Four years after the Cures Act was signed into law, three agencies with oversight of animal care and use programs and research involving animals report making progress complying with a requirement to reduce administrative burdens. Updated policy guidance, regulations and other resources are in the works, according to agency officials, although they offered few specifics as to timing.
In a December 2019 webinar, representatives from the NIH Office of Laboratory Animal Welfare (OLAW), U.S. Department of Agriculture (USDA) and Food and Drug Administration (FDA) discussed Cures Act implementation. Officials from the same agencies revisited the Cures Act during a new webinar OLAW held March 11.
OLAW Director Patricia Brown began by reviewing that Section 2034 of the act called for a focus on reducing administrative burden in animal research, placed NIH as the lead agency to work with the FDA and USDA, and established time frames for certain efforts. As Brown noted, among the goals of the law are to advance biomedical research but also to “streamline the drug and device approval process to bring treatments to patients faster.”
The agencies met the requirement to “complete a review of applicable regulations and policies for the care and use of laboratory animals and make revisions, as appropriate, to reduce administrative burden on investigators while maintaining the integrity and credibility of research findings and protection of research animals,” Brown said. NIH created a working group in 2017, and members presented their recommendations in March 2018 along with a request for information (RFI) that was followed by a draft report in December and a final report in August 2019, she noted.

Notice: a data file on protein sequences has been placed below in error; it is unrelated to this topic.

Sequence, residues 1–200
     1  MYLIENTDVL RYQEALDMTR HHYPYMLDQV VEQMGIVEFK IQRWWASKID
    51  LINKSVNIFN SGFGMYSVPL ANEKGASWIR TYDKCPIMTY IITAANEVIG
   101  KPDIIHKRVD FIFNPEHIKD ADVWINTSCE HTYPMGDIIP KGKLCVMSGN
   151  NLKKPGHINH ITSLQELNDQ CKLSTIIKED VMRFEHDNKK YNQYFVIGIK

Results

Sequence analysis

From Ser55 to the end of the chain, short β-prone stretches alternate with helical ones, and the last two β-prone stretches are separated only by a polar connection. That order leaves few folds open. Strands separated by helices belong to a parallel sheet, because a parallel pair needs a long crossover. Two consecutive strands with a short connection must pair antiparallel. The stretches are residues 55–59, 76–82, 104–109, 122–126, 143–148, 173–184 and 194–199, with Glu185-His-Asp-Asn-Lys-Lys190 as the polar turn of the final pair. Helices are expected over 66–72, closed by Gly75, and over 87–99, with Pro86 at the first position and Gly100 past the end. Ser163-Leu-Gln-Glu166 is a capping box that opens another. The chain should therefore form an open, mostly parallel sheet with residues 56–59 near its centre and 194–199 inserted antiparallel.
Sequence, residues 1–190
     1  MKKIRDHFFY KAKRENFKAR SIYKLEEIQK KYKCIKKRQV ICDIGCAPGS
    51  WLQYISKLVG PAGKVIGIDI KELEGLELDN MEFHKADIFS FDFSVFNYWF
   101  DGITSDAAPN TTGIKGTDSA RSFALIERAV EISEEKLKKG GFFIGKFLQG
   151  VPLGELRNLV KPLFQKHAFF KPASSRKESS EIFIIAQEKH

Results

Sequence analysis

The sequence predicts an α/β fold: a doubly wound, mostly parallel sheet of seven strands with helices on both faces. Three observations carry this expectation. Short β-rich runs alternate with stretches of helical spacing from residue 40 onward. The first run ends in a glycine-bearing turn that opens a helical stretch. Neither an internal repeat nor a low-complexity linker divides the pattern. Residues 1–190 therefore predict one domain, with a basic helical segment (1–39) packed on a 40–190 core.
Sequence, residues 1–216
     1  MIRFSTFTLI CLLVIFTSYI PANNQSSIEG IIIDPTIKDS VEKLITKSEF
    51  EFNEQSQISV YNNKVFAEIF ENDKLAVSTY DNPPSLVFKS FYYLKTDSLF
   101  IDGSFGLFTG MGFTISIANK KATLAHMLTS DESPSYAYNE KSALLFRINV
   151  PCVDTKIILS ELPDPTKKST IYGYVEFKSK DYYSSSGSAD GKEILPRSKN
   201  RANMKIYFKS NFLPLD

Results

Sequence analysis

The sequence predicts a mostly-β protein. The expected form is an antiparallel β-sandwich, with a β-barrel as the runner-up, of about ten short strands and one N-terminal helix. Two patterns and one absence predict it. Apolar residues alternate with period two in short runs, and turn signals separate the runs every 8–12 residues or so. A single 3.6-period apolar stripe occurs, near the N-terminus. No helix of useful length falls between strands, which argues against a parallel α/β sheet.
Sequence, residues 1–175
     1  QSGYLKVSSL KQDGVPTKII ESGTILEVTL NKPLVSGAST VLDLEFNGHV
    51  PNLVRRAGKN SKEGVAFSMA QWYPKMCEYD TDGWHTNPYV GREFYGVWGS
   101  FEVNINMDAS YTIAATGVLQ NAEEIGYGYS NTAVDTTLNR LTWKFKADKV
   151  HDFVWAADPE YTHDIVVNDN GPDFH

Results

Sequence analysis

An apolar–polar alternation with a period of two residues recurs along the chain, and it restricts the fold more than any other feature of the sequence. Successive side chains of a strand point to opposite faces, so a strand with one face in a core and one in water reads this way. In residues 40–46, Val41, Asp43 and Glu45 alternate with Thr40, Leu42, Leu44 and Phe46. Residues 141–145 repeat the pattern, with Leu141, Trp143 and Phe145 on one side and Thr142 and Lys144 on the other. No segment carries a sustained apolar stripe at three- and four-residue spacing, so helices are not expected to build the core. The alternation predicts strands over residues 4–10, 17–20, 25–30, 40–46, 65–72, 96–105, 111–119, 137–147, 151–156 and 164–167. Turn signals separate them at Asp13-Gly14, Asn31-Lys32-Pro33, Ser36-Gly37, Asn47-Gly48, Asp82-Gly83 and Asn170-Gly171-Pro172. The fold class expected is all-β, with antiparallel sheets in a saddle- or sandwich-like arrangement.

The Cures Act also “requires that the agencies improve coordination of regulations and policies,” Brown said. She pointed out several examples of achievements in this regard. The deadline for the annual report to both USDA and OLAW is now Dec. 1 of each year, she said. OLAW has also adopted a 60-day comment period minimum for “proposed policies and guidance changes.”
OLAW Expects Host of Guidance Documents
OLAW issued three RFIs last year, which addressed flexibilities for semiannual animal facility inspections, grant-to-protocol congruency, and use of the Association for Assessment and Accreditation of Laboratory Animal Care (AAALAC) program description for the assurance required by OLAW.
Brown said she expected “final guidance on all three of these policies” to be issued this spring. OLAW is also working on a number of potential guidance documents that have not yet been released for comment.
These are “proposed guidance and resources” on “topics that were identified for NIH action in the report,” she said.
Expanded use of designated member review for protocol review of low-risk activities.
Use of veterinary verification consultation for significant changes to approved protocols.
Activities that are exempt from institutional animal care and use committee (IACUC) review.
IACUC options for review of nonpharmaceutical-grade substances.
Required reporting of noncompliance to OLAW, including what to report, “what not to report, and what to include in the report.”
IACUCs’ responsibility to report departures from The Guide for the Care and Use of Laboratory Animals to the institutional official as part of a semiannual IO report.
Public Health Service (PHS) policy applicability to zebra fish “immediately after hatching.”